By Stephanie Thompson
Name: Brett Barbaro
Courses: Introduction to Biochemistry
Brett Barbaro’s love for science started at age 4, when his father taught him about atoms. After graduating from Harvard University’s biochemistry program, he spent some time teaching English in Japan before returning to complete a Ph.D. at the University of California, Irvine, where he studied the molecular mechanisms of Huntington’s Disease. Now a consultant at Scripps Research Institute, he’s currently working on building atomic-resolution computer models of biological systems. His course is meant both for students who haven’t taken a biochemistry course and those who have and want to refresh their knowledge.
What do you most enjoy about your profession?
Biology is fascinating and beautiful, and there’s always more to learn about it. I’ve always loved solving puzzles, brain teasers, logic problems, and so on. Well, biology is the ultimate puzzle. Nothing is more complex and more challenging to figure out.
I have small, short-term goals, learning what I can about a little system, and then that feeds into the grand, long-term goals–tackling the problems of society, like curing diseases or improving energy production. That’s how science works–small achievements help the greater effort. I try to do my part to communicate these ideas to my students, who may in turn contribute their small part to the big picture.
What advice would you give someone looking to enter this career field?
Don’t go into it for the money! It’s challenging–you have to make sure you really love it. If you do choose to become a scientist, make sure you pursue the things that are most exciting to you, because that will carry you through the hard times.
Whether or not biochemistry fits into your career, though, everyone can benefit from some basic knowledge about it, from the role of DNA to the importance of the foods we eat. It helps us to understand who we are and how we fit into the grand scheme of nature.
How is your field changing?
We are acquiring more and more data, and working with larger and larger data sets, from the study of genomics, proteomics and similar methods. One of the biggest challenges now is integrating and interpreting all of that data. The use of computers is pretty much essential to process all of that information. That’s why I’m studying what I am.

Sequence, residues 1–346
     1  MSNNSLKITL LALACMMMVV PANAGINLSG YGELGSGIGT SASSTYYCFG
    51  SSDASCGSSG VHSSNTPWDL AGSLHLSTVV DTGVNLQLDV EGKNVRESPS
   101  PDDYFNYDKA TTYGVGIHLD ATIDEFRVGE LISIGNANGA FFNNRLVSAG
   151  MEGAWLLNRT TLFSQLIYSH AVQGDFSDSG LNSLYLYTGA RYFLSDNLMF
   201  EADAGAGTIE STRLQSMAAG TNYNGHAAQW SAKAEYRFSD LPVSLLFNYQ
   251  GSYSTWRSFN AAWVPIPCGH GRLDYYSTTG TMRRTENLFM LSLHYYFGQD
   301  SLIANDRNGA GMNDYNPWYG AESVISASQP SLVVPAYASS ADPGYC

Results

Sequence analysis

That’s not to say that computers are the foundation of modern science. Traditional methods of experimentation and data collection are as valid and important as ever. But to tackle the overwhelming complexity of biology, there is a need for computation to integrate all the data. Individual pieces won’t answer all of our questions–we need to be able to see the big picture.
Would you say that the use of computers is driving the creation of these large data sets, or the other way around?
The use of computers and working with larger data sets drive each other. With genomes, for example, you have billions of base pairs to study–without computers it would be challenging to even write them all down. So computers make that kind of work possible. And there are millions of genomes that need to be studied. We are constantly developing the computational side to deal with larger and larger systems, so it is really co-evolving with our work.
Similarly, my course materials are constantly being developed, because there’s a lot of stuff going on in the biochemistry and scientific worlds. Things are constantly changing. Although the level of this course is pretty fundamental, new things we learn alter aspects of our understanding and give me the opportunity to evolve what I’m teaching. I try to keep up to date.
What do you like most about teaching for Extension?
I like teaching biochemistry in any setting. I’ve worked in several labs and taught in a variety of environments, starting with my first class teaching computers in high school. One great thing about teaching at Extension is that the students are all there voluntarily and are very motivated to learn. They are also generally quite mature; most are college grads and are trying to enter professional programs.
I hope no matter why they are taking the course, the students leave with a better understanding of biochemistry and are inspired to integrate what they’ve learned into their lives. I hope it changes the way they do their jobs and how they think about the world. If I can infect others with these ideas, I’ve done my job.
Interested in learning more about biochemistry and other related courses and programs? Find out more on our website, or contact the department at firstname.lastname@example.org or (858) 534-9353.